# Subtraction

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Hi all. I've been missing for a few months, life's been crazy. We got a slow start to school, but we've made some good progress.

But... my oldest dd is still lagging behind on math. She's 9 and has never done well with math. I'm working on trying get her at least up to where her younger sister is, if not up to grade level. Addition, she's doing OK with, she's even alright to an extent with multiplication and sometimes division (at least the concept of division). Where she does OK with these is when they are situational. Like, if we were going to the movies and there were five of us and each ticket cost \$8. She could tell ya real fast that that's \$40. But give her a paper that says 8*5= and she'd panic a little. She does not handle multiplication or division well on paper.

Subtraction, ugh! She hates subtraction. We've used tangible items to try to help her understand the concept. But for some reason she keeps wanting to add in the number you're supposed to take away, and doesn't seem to think you can take it away unless you add it in. If you have 10 stones, and you want to take 3 away, she seems to think you have to add 3 more in to be able to take them away. And if you have to take a number away from itself, that really blows her mind. She finds that fact that 10-10=0 frustrating--like it's too easy of an answer to be right.

I've also tried to explain it to her as backwards adding, resulting in the same frustration. I think the biggest problem is she doesn't trust her answers, then when she get's it wrong it just makes it worse. Every time she gets it right, I try to make a big deal out of it, then say that's OK try again when she gets it wrong. But other than that, I don't know how to get her out of the negative thought pattern.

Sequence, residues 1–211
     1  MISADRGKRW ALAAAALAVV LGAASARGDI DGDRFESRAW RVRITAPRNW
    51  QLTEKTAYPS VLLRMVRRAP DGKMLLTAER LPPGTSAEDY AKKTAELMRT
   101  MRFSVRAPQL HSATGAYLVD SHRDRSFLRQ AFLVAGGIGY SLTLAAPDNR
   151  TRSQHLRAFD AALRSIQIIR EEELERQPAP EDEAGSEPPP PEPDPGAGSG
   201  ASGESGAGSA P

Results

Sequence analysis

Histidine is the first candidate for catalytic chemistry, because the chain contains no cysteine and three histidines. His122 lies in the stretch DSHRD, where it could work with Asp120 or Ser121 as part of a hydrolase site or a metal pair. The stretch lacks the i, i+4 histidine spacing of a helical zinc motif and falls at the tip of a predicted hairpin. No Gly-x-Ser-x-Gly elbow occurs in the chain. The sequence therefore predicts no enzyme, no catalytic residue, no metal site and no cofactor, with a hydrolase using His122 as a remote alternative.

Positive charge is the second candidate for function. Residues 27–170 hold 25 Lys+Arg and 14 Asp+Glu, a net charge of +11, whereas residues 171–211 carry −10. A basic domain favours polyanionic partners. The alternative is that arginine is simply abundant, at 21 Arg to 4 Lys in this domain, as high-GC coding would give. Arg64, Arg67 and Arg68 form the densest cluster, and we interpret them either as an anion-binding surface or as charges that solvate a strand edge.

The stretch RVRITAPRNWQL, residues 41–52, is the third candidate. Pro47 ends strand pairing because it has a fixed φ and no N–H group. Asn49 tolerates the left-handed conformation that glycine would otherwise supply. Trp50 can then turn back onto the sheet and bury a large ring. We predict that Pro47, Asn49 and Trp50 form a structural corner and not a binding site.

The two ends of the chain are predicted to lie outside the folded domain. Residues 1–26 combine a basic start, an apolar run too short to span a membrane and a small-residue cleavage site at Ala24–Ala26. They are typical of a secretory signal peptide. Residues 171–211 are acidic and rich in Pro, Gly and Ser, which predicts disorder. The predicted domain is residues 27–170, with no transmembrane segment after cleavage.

So now I'm printing out addition and subtraction sheets to do on her own in addition to our regular math activities, and also having her copy subtraction facts hoping that she'll get to where she memorizes the answers.

I can't buy any new materials right now, but are there any free materials out there that might help? Does anyone know of any activities/games that would help her, and not set her up for failure?

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OK, this is probably a dumb question, but do you use any manipulatives? If my kids can see that I have ten jellybeans (or whatever) and then I eat ten jellybeans, then I have zero jellybeans. I'm guessing you've already tried something along those lines, but that's what I would do. Just keep using manipulatives with each problem until she gets it.

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Yes, we use tangible items and number lines

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Yes, we use tangible items and number lines

See, I thought it was a dumb question.:D In that case, I'm no help at all. All my kids had trouble with math. I found that I had to sit with them and go through every problem right there with them until one day they just took off and didn't need me any more. I'd have to walk through practically all the problems step-by-step. It was tedious and frustrating, but it worked. Ds13 only needs occasional help now and I'm still at with dd10, but all the others finally became independent. We're just not mathy types here.